Going Into Overtime
The successful Cash for Clunkers program is coming down to the wire in the Senate. They have until the end of the week to pass the bill before they head into an August recess. But if they try to change the bill from what the House passed already - which was just a straight extension - the bills would have to be reconciled, and that would require the House coming back from its recess. Otherwise, it'll get signed into law too late for the program to stay in business. What will Sen. Reid do?
The $2 billion cash infusion granted Friday by the House to the overwhelmed cash-for-clunkers program must be accepted by the Senate this week without amendments — or it won’t be signed into law until September.
The House has adjourned for its summer recess, and some Senate lawmakers want to change the bill, which will likely force Reid into a days-long cloture process.
And that's in addition to trying to move the Sonia Sotomayor confirmation, which will probably take multiple days of floor debate, even though the outcome is assured. There's simply no way the Senate can plow through all that by the deadline of Thursday night. It's not possible.
Senate Minority Whip Jon Kyl (R-Ariz.) said his party will push a go-slow approach on cash-for-clunkers so that the program’s solvency and effectiveness can be examined. Without knowing how many claims are still in the pipeline, Kyl suggested a similar mistake could be made again.
“We need to have a time-out to see how much money was spent,” Kyl said. “Before you authorize more money, wouldn’t you like to know how much you’ve spent and how it took to spend it, and what kind of things you might want to do to modify it?” [...]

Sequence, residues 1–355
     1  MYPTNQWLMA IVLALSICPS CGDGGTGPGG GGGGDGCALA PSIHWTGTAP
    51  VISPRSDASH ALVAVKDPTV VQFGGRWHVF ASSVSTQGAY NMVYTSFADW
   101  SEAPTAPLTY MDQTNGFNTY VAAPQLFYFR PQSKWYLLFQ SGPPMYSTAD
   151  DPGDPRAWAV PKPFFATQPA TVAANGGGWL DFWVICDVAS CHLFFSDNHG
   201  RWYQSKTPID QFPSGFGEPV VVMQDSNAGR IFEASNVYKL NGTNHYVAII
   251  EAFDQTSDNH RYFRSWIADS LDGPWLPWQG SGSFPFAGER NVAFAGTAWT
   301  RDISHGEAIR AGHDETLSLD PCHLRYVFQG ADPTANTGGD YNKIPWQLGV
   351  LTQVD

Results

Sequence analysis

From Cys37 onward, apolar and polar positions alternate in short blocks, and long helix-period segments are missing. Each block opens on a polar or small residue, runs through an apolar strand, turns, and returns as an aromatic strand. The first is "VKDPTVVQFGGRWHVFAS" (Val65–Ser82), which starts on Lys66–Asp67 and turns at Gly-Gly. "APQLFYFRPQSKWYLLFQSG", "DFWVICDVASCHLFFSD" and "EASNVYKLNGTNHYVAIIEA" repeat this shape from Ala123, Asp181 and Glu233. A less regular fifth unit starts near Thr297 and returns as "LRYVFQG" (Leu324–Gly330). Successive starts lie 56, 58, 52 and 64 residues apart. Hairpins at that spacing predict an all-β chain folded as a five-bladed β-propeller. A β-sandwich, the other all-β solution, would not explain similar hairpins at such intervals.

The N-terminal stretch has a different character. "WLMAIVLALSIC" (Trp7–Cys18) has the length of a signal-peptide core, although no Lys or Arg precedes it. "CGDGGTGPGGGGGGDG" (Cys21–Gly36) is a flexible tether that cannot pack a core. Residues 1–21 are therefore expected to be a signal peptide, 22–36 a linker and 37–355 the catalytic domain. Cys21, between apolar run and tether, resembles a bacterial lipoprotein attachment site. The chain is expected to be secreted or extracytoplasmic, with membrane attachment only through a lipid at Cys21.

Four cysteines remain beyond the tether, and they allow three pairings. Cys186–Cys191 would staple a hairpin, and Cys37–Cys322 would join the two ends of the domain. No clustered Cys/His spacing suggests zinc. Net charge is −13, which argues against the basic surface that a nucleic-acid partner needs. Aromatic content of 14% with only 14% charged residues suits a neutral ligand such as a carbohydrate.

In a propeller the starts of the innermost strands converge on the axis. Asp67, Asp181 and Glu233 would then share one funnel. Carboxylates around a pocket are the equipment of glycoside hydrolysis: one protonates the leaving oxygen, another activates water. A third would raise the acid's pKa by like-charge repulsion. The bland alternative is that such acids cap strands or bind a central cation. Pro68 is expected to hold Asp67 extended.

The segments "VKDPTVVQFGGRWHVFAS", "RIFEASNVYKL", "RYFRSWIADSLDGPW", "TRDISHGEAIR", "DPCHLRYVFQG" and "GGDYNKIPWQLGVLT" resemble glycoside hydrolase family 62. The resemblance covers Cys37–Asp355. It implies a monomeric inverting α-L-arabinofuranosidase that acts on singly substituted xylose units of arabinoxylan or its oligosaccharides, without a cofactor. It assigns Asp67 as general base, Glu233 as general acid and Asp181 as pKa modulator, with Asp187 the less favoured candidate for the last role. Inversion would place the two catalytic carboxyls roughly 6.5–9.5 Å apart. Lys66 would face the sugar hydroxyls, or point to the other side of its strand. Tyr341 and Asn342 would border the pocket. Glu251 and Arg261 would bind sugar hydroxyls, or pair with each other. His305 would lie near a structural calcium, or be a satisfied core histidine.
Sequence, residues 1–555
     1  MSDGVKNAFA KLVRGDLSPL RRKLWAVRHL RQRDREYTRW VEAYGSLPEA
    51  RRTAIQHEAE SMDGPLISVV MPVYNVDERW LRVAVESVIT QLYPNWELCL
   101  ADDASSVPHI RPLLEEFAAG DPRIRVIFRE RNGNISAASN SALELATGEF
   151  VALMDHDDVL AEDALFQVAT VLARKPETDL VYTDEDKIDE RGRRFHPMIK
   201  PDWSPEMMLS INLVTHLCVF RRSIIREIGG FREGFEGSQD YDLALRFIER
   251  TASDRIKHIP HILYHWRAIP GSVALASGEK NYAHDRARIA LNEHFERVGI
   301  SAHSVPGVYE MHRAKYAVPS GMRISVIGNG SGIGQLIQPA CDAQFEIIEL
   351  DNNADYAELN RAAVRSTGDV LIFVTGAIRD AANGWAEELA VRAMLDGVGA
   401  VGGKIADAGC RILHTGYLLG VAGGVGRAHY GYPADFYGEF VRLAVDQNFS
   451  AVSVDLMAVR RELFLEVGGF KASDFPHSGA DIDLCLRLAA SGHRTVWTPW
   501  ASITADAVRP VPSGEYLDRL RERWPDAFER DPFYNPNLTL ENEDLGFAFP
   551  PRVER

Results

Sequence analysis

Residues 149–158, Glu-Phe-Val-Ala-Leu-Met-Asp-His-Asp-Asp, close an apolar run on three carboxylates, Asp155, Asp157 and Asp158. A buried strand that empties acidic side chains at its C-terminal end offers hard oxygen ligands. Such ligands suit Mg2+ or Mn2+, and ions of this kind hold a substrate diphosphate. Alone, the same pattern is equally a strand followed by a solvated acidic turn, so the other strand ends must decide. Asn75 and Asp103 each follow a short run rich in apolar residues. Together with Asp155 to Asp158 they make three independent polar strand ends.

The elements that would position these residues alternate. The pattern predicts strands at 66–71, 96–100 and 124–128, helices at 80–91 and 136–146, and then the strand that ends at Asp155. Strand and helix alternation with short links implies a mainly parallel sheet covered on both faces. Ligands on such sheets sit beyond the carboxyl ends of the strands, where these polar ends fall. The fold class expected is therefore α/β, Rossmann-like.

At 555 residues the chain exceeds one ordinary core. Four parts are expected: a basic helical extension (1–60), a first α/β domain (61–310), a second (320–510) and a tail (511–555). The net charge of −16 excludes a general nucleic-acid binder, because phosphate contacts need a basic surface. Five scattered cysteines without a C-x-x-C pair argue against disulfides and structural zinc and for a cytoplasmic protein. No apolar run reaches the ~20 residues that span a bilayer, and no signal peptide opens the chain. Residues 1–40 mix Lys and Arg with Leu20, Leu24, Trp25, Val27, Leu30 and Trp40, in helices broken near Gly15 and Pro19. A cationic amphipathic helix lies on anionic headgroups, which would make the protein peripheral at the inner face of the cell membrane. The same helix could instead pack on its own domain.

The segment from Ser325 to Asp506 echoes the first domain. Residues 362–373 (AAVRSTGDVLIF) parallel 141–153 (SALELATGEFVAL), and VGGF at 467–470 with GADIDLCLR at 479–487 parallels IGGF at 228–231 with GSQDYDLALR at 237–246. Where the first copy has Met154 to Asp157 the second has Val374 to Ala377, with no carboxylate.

The GOP staffers pointed to Democrats like Dianne Feinstein of California, Claire McCaskill of Missouri and Mark Warner of Virginia, who in recent days have all expressed skepticism about the program. However, Feinstein and GOP Sen. Susan Collins (Maine) indicated on Monday evening they will support the measure. Warner wants the program to have higher mileage requirements while McCaskill has sounded skeptical about how it will be funded.
But other Democrats strike a common refrain: The sudden demand on the cash-for-clunkers program proves it is working.
With Feinstein and Collins singing off after seeing the unexpected increases in fuel efficiency coming from this program, it's safe to say that this has a good chance of passage. But Republicans will obstruct, and slow down, and gum up the works, and try to add amendments and poison pills, all the while saying that they just have to get home for the August recess. And so a program with demonstrable success that has led to the highest light vehicle sales in a year might get scrapped because of the old stopwatch.
What a wonderful political system we have.